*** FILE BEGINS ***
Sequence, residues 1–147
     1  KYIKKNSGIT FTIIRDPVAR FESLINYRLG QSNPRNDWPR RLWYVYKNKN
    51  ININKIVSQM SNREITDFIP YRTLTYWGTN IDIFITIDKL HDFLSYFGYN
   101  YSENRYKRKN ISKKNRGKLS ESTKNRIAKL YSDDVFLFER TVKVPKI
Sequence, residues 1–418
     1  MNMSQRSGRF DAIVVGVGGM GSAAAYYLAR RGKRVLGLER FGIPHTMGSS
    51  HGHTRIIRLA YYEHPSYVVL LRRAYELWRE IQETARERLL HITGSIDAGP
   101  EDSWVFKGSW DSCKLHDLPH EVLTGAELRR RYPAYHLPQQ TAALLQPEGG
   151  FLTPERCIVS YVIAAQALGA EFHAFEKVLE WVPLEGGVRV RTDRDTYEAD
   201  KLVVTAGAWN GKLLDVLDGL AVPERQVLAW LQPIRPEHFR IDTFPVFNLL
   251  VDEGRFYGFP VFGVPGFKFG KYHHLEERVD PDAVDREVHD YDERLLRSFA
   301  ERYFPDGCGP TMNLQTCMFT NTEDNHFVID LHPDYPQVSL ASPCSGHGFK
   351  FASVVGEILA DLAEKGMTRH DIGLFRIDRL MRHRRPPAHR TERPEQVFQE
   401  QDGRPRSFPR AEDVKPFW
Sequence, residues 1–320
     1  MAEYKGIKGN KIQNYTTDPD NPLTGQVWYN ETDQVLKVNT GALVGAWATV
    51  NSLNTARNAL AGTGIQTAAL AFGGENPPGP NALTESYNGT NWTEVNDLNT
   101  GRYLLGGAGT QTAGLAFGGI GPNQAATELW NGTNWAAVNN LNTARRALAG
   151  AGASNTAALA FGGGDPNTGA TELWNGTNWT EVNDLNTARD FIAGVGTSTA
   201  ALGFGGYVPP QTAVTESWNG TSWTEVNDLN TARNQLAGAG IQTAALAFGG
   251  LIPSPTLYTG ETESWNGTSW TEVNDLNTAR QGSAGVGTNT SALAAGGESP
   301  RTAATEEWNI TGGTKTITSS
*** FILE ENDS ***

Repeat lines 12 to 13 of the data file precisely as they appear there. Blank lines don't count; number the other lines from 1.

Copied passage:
   301  ERYFPDGCGP TMNLQTCMFT NTEDNHFVID LHPDYPQVSL ASPCSGHGFK
   351  FASVVGEILA DLAEKGMTRH DIGLFRIDRL MRHRRPPAHR TERPEQVFQE